Surrounded by the mellow confines of the dining room, the aromatic, slow-cooked food at Jamaica House shines. The menu is home to a collection of authentic Caribbean dishes, such as jerk pork, curried goat, and sweet plantains, as well as breakfast items such as saltfish, callaloo, and just-right Goldilocks porridge. A mini bar and pool table keep visitors occupied when they're not busy eating.
The staff at Junior's Seafood And Restaurant filet fresh fish and prepare succulent cuts of meats including oxtail and goat. After putting in orders at the counter, guests browse aisles of Caribbean groceries including spices, beans, and produce such as okra and fresh herbs.
A salsa-dancing hotspot by night and a palate-pleasing eatery by day, Mango Martini’s seasoned chefs churn out a well-rounded menu of breakfast and lunch specialties as bartenders concoct accompanying brews. Palates preferring the yolky flavors of daybreak eats can time travel to prenoon hours with eggs benedict or sausages tucked into pancake blankets. Cuban sandwiches, mac ‘n’ cheese, and salmon with garlic mashed potatoes conquer guests' cravings for savory noontime feasts. As entrees slowly disappear, unlimited mimosas sate unquenchable thirst with nips of bubbly champagne and tangy orange juice that tango atop taste buds or mambo down guests' bibs.
La Cocina Puertorriquena's specialty is mofongo, a traditional Puerto Rican dish made of mashed fried plantains. Chefs use that recipe as a foundation, preparing more than 20 varieties of the dish with chunks or pork, skirt steak, and breaded shrimp. They also showcase a variety of other traditional specialties, including roasted meats and fried whole snapper. On Saturday nights, servers clear away tables to make room for live musicians and dancing until 1 a.m. The restaurant’s walls proudly display the Puerto Rican flag, which should never be nibbled on, despite its mofongo taste.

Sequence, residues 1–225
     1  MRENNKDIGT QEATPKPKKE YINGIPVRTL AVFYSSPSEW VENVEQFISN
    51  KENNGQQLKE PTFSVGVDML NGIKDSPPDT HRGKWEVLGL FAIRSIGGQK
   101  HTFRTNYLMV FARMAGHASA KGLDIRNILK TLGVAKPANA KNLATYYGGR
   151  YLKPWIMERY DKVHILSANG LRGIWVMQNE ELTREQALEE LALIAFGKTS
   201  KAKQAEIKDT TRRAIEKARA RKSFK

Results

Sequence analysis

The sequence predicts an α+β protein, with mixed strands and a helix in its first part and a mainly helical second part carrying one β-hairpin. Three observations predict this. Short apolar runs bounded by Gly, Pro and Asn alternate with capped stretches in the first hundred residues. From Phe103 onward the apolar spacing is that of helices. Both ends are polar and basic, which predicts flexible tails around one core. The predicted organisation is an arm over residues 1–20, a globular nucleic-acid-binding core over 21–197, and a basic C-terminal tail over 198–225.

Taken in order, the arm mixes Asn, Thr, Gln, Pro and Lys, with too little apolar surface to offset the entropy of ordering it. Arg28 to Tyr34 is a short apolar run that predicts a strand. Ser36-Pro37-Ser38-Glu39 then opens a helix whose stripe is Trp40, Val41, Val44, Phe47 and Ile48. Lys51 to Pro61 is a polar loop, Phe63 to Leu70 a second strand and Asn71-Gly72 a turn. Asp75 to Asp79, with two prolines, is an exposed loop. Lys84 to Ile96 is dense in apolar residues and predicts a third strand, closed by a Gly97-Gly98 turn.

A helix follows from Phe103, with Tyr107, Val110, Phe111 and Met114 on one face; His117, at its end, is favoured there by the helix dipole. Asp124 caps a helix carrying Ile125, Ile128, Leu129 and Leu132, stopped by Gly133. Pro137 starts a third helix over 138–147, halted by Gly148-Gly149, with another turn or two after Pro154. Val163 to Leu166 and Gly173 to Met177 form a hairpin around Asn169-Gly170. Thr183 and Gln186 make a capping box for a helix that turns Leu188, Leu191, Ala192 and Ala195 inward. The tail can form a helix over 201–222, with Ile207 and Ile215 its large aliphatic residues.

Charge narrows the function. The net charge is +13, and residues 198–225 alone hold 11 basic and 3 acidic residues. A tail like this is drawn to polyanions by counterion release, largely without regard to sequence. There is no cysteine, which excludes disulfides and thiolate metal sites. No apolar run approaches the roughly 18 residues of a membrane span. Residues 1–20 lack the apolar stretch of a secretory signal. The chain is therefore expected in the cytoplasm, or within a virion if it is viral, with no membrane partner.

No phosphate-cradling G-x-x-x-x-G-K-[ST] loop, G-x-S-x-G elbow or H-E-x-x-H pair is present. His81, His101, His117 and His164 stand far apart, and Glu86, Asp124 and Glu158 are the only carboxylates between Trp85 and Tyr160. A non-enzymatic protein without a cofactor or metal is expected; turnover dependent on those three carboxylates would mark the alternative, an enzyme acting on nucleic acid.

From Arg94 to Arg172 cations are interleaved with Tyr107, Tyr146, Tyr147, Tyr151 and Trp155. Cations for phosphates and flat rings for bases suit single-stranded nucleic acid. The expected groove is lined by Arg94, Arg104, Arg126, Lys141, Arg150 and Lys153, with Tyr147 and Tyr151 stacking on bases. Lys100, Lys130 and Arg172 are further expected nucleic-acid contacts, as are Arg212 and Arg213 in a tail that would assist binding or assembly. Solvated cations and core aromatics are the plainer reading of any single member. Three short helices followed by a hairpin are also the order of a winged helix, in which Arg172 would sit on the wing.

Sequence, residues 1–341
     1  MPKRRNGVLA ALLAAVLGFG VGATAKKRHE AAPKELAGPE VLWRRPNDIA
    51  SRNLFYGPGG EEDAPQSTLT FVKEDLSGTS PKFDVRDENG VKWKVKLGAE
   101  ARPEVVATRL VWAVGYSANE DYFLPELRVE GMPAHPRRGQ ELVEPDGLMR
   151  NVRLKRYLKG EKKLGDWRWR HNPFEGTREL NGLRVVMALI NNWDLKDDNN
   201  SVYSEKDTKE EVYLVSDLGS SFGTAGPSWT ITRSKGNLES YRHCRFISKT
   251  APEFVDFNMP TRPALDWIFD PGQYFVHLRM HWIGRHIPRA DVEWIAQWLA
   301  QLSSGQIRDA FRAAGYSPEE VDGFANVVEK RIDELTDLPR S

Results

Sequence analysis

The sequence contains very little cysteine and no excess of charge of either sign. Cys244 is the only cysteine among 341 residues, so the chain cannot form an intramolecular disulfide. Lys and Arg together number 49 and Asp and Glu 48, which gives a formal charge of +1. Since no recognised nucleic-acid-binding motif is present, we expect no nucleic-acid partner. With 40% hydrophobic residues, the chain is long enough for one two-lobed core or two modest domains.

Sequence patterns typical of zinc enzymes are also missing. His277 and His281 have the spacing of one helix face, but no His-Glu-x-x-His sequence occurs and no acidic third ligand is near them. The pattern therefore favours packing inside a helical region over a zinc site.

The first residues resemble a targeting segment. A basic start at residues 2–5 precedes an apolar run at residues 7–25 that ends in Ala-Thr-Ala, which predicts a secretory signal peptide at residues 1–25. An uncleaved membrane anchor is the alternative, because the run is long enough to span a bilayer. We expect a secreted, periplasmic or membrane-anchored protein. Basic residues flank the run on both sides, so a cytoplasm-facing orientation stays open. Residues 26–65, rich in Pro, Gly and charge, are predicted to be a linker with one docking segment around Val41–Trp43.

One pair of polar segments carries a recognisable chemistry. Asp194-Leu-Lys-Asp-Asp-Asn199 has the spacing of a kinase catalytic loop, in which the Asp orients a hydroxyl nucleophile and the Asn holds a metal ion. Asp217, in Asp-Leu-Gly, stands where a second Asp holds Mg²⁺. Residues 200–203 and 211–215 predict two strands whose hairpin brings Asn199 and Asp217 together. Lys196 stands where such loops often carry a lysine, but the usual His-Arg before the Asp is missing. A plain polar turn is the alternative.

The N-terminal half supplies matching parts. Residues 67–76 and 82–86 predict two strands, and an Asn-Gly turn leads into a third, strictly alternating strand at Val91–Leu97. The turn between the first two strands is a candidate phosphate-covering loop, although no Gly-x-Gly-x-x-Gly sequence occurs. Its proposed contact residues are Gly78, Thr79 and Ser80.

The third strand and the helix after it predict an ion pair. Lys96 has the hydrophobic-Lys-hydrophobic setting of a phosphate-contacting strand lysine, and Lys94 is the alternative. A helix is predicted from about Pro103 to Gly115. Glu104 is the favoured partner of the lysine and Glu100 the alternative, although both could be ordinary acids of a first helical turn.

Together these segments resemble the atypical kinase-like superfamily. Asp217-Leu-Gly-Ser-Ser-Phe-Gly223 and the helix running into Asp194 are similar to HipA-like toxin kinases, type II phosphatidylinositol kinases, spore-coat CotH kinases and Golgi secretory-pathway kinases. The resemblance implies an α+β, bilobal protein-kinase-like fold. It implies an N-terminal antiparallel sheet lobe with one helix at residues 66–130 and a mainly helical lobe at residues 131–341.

Conquering discriminating palates with its tempting small plates, enticing entrees, and cozy, eclectic atmosphere, El Pimiento brings a taste of traditional Spanish dining to South Florida. Sample from a selection of small portions designed to be passed among dining companions both real and imaginary. Nibble upon chistorras, Spanish sausage links simmered in Spanish cider ($6.49), pick at pimientos rostisados, fire-roasted red and yellow peppers ($6.95), or feast fiendishly upon morsels of filetillo con queso cabrales, beef tenderloin accented with aged blue cheese ($10.95).
The burnt-orange walls of Parrillada el Gaucho echo the welcoming heat of the grills in the kitchen. There, steaks acquire charred stripes before they reach diners in several cuts, from rib eye to T-bone. Uruguayan-style parrillada meals layer impressive amounts of meats and garnishes on pans, often piling enough skewers of shrimp and crisp sausages for two. This traditional South American style of cooking typifies the warm, convivial venue, whose dining room is decorated with horseshoes and ranching artifacts. Though steaks remain its most popular offering, the menu also boasts entrees such as chicken parmesan and custom-mixed pastas, with housemade flan to bring meals to an authentically sweet conclusion. Party packages, late hours, and Friday-night musical performances conspire with tender bites, luring festive groups to tables without coaxing trails of confetti.
Chefs at Irie Isle, which has garnered the Best Jamaican Restaurant twice by the Miami New Times, uphold the Caribbean’s culinary traditions with Jamaican curries and heaping platters of stewed proteins steeped in spices. Meats roast over an open flame while soaking up flavor and deciphering smoke signals, and tropical fish stew in house-made sauces. The cheerful, pastel-hued eatery also hosts occasional cultural events that spotlight local Jamaican luminaries.